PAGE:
But whatever high ground Trump’s opponents may have commanded was pretty much squandered when Cruz and Kasich announced that they were, in fact, going to game the system in an effort to subvert Trump at the convention. Now, when Trump says the party elites are trying to rig the process and undermine the voters, you’d have to admit he’s not crazy.

What’s more illuminating about the nonaggression pact, though, is that it even seemed plausible to both sides in the first place. In a world where Cruz and Kasich, Trump’s only remaining obstacles, were offering any galvanizing arguments of their own, there couldn’t possibly be any discussion of one side ceding voters to the other…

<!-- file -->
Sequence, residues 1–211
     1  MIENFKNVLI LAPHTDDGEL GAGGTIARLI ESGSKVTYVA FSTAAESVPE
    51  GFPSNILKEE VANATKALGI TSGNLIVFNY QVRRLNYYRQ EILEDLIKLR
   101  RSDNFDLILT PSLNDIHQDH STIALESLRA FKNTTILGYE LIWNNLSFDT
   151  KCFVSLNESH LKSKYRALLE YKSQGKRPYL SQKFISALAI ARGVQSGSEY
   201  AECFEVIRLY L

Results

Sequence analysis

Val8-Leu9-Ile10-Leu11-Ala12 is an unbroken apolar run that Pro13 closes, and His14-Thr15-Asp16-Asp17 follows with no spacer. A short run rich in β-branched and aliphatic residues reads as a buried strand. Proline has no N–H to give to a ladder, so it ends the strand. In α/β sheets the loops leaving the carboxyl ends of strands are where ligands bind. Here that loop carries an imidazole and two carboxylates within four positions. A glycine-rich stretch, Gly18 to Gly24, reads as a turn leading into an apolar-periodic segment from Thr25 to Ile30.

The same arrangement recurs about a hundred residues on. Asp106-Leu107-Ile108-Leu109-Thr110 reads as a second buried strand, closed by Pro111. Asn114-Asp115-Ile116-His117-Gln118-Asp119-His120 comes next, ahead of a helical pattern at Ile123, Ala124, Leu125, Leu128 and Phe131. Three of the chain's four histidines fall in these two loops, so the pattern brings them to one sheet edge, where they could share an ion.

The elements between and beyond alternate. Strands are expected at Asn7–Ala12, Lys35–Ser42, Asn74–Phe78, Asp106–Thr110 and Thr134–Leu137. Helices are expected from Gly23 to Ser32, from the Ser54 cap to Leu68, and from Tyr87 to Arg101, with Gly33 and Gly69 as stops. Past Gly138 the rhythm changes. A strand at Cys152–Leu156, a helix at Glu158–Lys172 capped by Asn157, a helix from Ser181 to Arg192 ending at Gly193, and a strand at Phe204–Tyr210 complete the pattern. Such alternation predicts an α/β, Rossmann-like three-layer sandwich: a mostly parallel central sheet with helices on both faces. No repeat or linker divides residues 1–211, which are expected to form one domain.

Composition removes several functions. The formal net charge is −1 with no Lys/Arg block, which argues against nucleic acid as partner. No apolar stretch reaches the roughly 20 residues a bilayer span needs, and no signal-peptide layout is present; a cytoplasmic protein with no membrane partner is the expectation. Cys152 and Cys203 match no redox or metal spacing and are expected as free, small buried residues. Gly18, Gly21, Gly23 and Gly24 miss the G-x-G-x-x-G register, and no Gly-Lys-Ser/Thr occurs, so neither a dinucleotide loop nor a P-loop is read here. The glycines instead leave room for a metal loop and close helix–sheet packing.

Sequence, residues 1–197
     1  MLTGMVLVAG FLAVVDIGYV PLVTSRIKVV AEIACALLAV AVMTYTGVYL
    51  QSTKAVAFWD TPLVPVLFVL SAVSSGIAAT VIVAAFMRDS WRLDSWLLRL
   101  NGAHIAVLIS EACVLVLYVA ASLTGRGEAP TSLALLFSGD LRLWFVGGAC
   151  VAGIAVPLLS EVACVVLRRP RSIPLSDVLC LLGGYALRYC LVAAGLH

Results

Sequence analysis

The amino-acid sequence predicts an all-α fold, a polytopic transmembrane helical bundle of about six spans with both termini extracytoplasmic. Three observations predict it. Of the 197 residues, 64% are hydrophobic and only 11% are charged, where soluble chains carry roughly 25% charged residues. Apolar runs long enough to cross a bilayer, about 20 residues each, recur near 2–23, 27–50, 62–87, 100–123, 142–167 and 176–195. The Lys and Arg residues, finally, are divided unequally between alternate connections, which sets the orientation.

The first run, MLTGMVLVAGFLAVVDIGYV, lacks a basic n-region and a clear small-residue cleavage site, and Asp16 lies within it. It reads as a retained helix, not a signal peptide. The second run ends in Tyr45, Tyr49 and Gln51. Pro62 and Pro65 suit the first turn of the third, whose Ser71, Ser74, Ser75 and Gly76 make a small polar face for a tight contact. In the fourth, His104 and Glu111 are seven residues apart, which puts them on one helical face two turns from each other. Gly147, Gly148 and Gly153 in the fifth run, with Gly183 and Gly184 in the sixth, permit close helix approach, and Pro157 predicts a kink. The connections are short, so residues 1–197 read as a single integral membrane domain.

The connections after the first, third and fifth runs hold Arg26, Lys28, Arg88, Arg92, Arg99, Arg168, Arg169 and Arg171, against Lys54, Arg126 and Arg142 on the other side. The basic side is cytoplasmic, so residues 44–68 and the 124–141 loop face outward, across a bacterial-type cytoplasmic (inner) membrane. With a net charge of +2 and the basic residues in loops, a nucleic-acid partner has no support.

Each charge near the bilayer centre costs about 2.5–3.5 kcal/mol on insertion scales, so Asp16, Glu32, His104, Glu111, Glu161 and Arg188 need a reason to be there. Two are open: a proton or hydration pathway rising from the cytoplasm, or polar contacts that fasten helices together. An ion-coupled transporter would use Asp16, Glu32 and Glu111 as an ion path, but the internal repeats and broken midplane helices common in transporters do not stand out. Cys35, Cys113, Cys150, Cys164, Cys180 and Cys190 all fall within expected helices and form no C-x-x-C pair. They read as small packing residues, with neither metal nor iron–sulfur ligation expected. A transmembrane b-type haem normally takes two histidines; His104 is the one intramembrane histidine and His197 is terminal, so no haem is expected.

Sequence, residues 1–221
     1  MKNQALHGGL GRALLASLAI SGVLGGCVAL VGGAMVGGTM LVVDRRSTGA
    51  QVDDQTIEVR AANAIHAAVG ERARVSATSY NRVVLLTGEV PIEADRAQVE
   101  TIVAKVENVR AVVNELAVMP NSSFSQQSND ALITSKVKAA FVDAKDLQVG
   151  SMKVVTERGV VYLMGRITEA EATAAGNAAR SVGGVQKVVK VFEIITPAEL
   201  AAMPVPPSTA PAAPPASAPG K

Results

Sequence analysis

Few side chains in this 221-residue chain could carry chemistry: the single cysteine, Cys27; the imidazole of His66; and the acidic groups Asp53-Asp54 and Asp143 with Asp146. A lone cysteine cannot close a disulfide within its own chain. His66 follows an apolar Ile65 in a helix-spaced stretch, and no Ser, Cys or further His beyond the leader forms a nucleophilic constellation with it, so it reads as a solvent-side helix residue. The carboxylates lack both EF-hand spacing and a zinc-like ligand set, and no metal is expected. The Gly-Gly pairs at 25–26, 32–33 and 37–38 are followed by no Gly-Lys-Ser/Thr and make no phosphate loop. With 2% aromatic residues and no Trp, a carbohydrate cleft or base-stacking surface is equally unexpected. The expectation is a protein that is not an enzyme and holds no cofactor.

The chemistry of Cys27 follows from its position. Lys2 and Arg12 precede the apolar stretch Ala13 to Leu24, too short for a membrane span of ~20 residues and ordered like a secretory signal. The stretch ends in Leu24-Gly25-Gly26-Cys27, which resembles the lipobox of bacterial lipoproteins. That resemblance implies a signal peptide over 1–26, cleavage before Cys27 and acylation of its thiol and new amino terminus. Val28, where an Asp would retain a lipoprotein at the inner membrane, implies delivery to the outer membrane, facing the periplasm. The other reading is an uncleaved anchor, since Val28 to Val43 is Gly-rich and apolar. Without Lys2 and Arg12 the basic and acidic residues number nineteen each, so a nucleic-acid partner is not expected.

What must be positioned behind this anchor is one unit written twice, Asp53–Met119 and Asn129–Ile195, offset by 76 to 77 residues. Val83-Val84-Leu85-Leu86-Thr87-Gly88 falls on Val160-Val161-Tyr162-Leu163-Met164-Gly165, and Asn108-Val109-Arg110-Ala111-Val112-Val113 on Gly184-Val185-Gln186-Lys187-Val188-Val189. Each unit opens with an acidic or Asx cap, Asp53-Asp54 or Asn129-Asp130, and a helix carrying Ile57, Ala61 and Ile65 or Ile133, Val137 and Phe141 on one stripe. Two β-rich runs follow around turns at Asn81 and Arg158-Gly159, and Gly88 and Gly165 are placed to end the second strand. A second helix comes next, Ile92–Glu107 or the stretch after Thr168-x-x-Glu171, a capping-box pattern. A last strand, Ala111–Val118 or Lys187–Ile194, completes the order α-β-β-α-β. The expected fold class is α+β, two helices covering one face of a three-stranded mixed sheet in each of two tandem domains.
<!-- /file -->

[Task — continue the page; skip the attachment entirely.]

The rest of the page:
Kasich can decry the media’s focus on process, but the suggestion that he and Cruz could somehow appeal to the same voters in Indiana or New Mexico is a tacit admission of how mushy their underlying rationales still are. It’s an admission that they haven’t asked Republican voters to choose any real direction for the party other than to stop Trump from becoming the nominee.

How else are we supposed to view the sudden political marriage of Cruz and Carly Fiorina? Other than to create the least likable ticket in human history, it only served to reinforce how cynically tactical Cruz’s entire campaign really is.